Stayin’ Alive: the Bee Gees’ message remains important for those of us involved in caregiving. Too often we allow our own health and wellbeing to decline while we try to keep our loved ones safe and content. Here are a few easy to do things that can help keep you — the caregiver — alive… Whether you’re a brother or whether you’re a mother!
When you see a gray-haired person clinging to the few possessions they have and wandering the streets, it is because they are trying to find shelter, a safe place to sleep and something to eat. Among Hawai‘i’s houseless population, there are aging persons unable to live in safe and healthy environments.
Every year at this time, The Caregiver Foundation witnesses and acknowledge the “extras” caregivers provide for individuals who would otherwise not benefit from any holiday spirit. Cleo, a caregiver for a 100-year-old bed-ridden client with dementia, brought in a dazzling Christmas tree. Lights danced in our client’s eyes; a smile in remembrance of holidays past softened her face.
While we are taught to treat those of a different race or religion equitably, seniors often face age discrimination. It first appears as an attempt to be helpful. Someone holds a door open for us. The bus waits a little longer for us to climb aboard. The bank teller smiles more as he hones his patience with our slowness.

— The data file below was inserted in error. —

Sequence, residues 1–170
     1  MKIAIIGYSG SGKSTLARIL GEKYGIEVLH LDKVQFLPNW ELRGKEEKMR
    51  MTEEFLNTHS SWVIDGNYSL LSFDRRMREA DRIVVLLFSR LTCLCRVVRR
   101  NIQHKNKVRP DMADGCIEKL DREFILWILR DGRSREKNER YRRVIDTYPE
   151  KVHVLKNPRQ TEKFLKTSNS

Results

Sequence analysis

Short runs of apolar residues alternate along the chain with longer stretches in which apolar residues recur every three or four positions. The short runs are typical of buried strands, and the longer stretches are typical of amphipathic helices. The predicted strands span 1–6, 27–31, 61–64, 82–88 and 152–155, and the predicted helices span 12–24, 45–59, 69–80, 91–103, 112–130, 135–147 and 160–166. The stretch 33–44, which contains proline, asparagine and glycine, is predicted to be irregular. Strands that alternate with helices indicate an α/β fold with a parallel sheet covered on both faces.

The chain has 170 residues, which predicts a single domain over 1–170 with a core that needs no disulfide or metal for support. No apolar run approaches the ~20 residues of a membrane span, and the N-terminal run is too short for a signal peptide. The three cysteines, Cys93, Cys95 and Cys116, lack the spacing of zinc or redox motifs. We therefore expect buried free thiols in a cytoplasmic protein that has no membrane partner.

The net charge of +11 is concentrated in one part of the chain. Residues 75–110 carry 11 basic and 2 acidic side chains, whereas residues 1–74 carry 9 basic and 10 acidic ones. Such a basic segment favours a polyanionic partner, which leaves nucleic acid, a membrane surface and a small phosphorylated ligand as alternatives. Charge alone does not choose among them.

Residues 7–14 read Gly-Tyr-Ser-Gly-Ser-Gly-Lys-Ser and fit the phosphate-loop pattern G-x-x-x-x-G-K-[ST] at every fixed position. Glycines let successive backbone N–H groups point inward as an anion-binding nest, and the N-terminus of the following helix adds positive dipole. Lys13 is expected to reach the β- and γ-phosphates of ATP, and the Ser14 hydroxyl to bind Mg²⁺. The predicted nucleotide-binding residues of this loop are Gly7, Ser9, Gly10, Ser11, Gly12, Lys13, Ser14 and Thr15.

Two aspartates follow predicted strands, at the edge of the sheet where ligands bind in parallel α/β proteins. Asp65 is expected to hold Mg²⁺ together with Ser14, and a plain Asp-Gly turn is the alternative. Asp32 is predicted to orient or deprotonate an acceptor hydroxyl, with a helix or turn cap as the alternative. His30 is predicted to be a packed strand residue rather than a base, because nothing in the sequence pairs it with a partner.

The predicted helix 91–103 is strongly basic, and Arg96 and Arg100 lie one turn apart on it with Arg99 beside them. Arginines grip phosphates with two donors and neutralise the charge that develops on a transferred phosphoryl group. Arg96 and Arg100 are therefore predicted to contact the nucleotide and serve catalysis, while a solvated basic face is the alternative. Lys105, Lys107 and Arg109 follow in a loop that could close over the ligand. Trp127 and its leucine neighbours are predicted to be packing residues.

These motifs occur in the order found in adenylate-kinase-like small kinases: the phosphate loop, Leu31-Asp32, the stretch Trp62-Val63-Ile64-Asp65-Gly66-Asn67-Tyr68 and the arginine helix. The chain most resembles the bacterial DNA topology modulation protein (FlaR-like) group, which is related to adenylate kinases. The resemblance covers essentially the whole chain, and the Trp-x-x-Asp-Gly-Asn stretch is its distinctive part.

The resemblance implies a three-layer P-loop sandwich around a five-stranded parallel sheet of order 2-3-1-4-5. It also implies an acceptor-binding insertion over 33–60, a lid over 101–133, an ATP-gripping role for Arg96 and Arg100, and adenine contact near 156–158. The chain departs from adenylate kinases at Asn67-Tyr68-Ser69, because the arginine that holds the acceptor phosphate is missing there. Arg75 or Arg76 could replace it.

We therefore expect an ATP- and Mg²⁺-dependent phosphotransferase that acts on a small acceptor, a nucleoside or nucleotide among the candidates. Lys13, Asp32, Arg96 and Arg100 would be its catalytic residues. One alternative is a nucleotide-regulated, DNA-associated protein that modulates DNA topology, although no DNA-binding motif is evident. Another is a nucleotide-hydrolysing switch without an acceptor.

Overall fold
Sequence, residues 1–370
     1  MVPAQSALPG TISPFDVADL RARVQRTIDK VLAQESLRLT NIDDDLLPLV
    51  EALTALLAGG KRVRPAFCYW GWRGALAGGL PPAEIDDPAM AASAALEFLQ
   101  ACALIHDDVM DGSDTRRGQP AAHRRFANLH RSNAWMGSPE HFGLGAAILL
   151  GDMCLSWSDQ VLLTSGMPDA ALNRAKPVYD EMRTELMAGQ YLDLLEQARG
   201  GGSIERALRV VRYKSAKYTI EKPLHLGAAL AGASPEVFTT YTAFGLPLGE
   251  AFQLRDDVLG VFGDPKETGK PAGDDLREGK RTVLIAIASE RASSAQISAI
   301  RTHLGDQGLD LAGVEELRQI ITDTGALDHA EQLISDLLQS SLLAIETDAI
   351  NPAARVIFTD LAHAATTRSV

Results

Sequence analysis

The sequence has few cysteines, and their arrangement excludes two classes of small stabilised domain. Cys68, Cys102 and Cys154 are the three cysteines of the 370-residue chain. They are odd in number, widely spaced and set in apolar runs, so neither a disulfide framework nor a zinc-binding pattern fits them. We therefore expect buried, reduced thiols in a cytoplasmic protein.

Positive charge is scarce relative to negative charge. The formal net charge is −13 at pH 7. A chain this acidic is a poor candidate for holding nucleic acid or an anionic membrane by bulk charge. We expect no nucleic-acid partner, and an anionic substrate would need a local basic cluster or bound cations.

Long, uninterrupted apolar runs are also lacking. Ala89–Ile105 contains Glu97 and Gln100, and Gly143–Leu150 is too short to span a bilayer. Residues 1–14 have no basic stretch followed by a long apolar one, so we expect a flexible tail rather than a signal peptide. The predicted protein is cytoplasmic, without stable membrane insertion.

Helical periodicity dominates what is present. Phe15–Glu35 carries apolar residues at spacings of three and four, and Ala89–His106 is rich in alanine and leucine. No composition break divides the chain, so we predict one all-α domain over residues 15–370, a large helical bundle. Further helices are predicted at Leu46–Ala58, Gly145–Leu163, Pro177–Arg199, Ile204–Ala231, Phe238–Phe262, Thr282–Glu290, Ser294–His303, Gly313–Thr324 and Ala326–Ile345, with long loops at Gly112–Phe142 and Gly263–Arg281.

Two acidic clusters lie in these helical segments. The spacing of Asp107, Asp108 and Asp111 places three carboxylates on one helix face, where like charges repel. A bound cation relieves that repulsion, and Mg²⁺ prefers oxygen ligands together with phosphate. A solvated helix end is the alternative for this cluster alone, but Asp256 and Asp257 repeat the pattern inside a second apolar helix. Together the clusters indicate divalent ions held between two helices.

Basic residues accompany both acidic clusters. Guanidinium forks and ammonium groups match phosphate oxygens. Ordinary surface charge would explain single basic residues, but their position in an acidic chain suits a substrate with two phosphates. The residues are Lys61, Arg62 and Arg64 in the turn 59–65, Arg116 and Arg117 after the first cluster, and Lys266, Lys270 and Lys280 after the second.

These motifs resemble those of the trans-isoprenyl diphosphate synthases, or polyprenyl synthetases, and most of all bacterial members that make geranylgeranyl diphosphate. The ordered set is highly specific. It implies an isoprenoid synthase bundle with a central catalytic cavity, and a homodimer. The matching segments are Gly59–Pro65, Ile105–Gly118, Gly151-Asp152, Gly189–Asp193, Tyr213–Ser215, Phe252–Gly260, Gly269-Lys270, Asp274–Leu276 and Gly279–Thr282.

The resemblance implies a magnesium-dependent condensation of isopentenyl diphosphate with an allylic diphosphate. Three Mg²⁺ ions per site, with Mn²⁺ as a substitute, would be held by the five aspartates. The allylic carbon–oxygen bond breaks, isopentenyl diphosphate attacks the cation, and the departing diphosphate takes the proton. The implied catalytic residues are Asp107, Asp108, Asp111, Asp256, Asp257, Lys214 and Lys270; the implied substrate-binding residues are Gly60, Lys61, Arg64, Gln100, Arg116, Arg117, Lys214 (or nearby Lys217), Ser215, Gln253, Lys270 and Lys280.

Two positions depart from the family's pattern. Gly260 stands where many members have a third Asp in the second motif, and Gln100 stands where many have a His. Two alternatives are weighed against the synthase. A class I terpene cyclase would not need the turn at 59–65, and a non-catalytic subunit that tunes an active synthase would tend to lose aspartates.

Usually, events that necessitate a goodbye are seen as sad… or at least poignant. In our younger years, we expected these goodbyes to be temporary — we knew we were going to see them again! As we get older, we start to understand that a goodbye may mean moving so far away that visiting will be unlikely and the relationship we loved may be permanently changed. And then come the goodbyes we know are final — the farewells at the end of a life that leave us with only memories of a loved one.
While there have been terrible examples of guardianship abuse cases in the news, there are also thousands of individuals who are benefiting from ethical, well-disciplined guardians.
Recently, the SEC, NASAA and FINRA published a report to help advise financial professionals in detecting signs of diminished capacity among older investors. Some red flags: The senior seems unable to process even the simplest concepts. The senior appears to have memory loss. More…
Although there are many seniors still on the road, some may have lost critical cognitive and physical functions. These limitations may result in dangerous, life-threatening situations. A formal driving assessment or refresher course may help mitigate problems.
When our loved one with dementia cannot clearly express their own wishes, it becomes a guessing game. When you stumble across an unanswered question in your role as caregiver, just think of the difference guidance from your loved one would have made!
Retirement was just around the corner when you receive the call. “Something happened to Mom.” Your world is turned upside down. Later, you realize Mom and Dad did not plan well for this possibility and you have to shoulder the work of caring, arranging for care and possibly financing care, as well.